At the dawn of the 70s, the bike to have was still Honda's revolutionary CB750, the machine usually accredited with being the first 'superbike.'
Although it was launched in 1969, no-one had bettered it as the new decade began. Rival manufacturers tried to fight back with a range of multi-cylinder two strokes like Kawasaki's evil 500H1 triple and Suzuki's GT750 'Kettle' but four cylinder, four strokes were proving the way to go, not least because of new, stricter emissions laws.
In 1973, Kawasaki released its own four cylinder, four stroke Honda-beater in the shape of the £1,088 Z1. At 900cc, it may have been bigger and faster than the Honda but it still handled like a piece of shit - a problem with most bikes throughout this flower-packed decade.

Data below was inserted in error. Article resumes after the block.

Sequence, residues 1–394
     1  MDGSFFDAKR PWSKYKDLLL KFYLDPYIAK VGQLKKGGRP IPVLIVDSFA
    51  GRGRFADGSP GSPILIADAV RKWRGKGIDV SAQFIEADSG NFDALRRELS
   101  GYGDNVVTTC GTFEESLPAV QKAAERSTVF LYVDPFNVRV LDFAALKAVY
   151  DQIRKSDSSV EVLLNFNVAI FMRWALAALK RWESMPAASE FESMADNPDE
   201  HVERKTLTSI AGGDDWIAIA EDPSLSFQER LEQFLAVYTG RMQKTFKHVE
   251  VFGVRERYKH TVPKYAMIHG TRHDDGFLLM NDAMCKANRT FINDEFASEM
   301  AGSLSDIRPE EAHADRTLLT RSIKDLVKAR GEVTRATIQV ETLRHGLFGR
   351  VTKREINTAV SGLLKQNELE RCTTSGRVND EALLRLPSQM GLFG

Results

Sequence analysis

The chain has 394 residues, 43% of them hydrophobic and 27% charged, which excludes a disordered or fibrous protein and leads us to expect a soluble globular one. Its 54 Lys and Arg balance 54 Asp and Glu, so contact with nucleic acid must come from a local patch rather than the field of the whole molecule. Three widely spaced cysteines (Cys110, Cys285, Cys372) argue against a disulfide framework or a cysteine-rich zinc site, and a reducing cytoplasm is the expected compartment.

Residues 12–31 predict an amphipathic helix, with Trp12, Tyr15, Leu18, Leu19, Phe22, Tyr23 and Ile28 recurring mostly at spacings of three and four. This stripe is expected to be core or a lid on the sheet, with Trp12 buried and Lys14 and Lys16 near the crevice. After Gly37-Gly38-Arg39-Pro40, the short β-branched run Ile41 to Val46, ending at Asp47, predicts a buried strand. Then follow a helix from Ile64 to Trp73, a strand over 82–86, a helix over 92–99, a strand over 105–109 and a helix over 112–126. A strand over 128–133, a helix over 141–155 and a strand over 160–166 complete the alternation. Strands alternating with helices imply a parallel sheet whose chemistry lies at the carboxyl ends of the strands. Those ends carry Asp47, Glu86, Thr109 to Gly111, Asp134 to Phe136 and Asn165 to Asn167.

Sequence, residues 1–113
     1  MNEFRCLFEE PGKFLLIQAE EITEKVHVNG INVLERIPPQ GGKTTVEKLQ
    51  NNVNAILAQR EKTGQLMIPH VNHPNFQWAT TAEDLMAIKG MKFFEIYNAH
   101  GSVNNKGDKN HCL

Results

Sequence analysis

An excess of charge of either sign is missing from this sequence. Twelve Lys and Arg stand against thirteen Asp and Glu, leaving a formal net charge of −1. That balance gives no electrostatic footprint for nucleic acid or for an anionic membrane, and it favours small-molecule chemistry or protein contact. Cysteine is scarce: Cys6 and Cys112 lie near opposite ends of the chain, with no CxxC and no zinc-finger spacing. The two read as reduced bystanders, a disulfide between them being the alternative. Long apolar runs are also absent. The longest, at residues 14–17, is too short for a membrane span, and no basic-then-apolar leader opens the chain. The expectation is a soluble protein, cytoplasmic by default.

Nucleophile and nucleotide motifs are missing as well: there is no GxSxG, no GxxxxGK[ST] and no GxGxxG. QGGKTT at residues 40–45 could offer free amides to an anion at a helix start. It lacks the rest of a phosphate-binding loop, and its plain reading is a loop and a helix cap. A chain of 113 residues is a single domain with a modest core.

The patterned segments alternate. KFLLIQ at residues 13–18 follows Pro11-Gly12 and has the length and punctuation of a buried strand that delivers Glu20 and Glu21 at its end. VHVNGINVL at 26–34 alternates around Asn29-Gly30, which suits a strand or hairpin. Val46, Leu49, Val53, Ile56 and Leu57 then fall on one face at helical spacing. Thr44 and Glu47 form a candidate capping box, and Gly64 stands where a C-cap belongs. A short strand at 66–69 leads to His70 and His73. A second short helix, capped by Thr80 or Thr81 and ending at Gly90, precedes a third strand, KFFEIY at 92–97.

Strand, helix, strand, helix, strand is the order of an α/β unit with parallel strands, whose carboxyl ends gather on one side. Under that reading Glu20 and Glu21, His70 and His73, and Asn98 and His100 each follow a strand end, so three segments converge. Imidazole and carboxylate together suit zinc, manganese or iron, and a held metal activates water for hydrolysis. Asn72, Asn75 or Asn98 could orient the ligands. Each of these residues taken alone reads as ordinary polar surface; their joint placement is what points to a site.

In a bid to stand at least a fighting chance of getting their bikes round corners, owners of lardy, wobbly Jap fours turned to aftermarket firms who specialised in taking reliable Japanese engines and fitting then in a chassis that actually worked. Bimota, Van Veen, Rickman and Seeley were just a few examples. It's hard to imagine today that you could buy a top class superbike which didn't handle but that was the absolute norm in the 70s so consider yourself lucky, and relatively safe, now young man.But it was still a pretty cool decade for technical developments and one we should still be thankful for. No Suzuki GS1000 then would have meant no GSX-R1000 now, and that would be shite.